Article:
Make no mistake, this is a wild place which, however beneficent one is, it can feel more inhospitable by the lack of access we have to any sort of knowledge about our status and legality here. Although we went along to the town hall many months ago and they signed some form to say they approved of our getting trenches dug for mains water, I’ve still not received the official email from them. Also, the Junta approval to move a bit of precious earth from their precious protected path (via pecuaria) has sunk without trace, even if it was ever afloat. What a strange country this is; acknowledging that we are legal enough to take taxes from every year, but seemingly unprepared to allow us the dignity of mains electricity and water.
But, I have to say, the greatest gift we are both learning is to live for today and not project forward to what may or may not happen. My post yesterday probably indicated that there are certainly a few difficulties associated with existing here in frontier land without the munificent gifts that mains services could potentially give us. However, the other side of the coin is that once you’re in the Spanish system as regards bill paying for those wonders, it’s very hard to get off it. This can render you quite impotent when money is inexplicably taken from your account, or you try to query a bill via an anonymous grey-suited interface who, however good your Spanish, still manages to be as unhelpful as it is possible to be.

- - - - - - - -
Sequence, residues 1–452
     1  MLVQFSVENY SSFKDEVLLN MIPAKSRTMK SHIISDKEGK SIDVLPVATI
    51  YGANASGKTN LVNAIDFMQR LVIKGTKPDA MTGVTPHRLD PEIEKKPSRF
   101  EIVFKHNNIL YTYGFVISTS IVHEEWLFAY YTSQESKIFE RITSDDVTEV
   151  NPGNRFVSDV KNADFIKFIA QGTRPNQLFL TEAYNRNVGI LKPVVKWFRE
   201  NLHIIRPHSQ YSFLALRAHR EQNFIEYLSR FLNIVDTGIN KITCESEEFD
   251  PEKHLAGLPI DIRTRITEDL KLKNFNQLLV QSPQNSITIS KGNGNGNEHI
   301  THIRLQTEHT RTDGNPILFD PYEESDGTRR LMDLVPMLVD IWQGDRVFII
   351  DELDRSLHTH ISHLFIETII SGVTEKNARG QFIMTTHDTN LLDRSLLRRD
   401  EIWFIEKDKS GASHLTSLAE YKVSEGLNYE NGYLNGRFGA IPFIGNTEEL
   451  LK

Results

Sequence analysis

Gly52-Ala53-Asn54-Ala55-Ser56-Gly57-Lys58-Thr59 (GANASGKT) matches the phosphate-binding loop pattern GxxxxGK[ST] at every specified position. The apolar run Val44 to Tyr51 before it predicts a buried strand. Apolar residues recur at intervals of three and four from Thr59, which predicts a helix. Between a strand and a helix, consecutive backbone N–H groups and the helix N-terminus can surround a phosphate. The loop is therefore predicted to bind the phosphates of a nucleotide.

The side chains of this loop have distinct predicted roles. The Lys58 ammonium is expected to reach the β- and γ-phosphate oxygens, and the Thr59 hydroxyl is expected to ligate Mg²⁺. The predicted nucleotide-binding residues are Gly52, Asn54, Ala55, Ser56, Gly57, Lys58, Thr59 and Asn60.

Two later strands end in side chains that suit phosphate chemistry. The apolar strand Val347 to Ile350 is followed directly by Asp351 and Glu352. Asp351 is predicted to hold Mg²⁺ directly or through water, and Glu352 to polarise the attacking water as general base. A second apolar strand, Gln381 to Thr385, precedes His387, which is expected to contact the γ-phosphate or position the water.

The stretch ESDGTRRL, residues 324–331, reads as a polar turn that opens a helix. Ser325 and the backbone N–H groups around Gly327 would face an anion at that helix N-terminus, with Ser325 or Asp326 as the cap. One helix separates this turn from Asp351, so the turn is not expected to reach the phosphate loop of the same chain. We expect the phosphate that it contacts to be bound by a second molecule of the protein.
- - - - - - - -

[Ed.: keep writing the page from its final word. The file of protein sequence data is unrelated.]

Our latest challenge today is that only half of our solar panels are producing electricity but I’m hoping against hope that when the two R’s (Roger and Robert) come out in a few days’ time that they find it’s only a connection problem. It’ll be quite an expensive job if the panels have died and need replacing. Here I am projecting again…
But just look at this place! Despite such little irritants, the joy of being surrounded by nature’s bounty is almost incalculable. Certainly, we have to keep the plant life under a degree of control, or otherwise we would be in danger of the whole of the cabin and infrastructure being quickly reclaimed. Not to mention the fire risk if the vegetation is not sufficiently cut back.
However overgrown the land might become in the future, Joe’s stone walls and paths will hopefully remain as a lasting tribute to what we’ve tried to do here. So, as we pass through spring and into early summer, there is much work to be done once the wild flowers and beautiful grasses have blossomed and died.
And how everything is now springing into life! This is the first orange we’ve ever had on our poor battered trees that were planted way back in 2010. The almonds are bearing fruit for the first time, and can you see all the beetles on our apple blossom? Most flowers and blossom are alive with insects and, of course, the ubiquitous honey bees.
The vines are always a harbinger of early summer, and it’s gratifying to see even more baby bunches of grapes appearing than last year. Quite amazing that they produce such huge, glossy leaves despite the fact that they are never watered nowadays!
Despite being brush-cutted to the ground last winter, the cistus are making their pink and silver presence known. Poppies stand out amongst the largely yellow and pink colourways dominating the steep banks.
This year, I’d like to do a head count of all the types of grasses we have; identifying them will probably be beyond my remit, but I sure would like to know how many species we have here. 50? 100? I’ll get back to you. Maybe I’ll even start flower painting again. Who knows?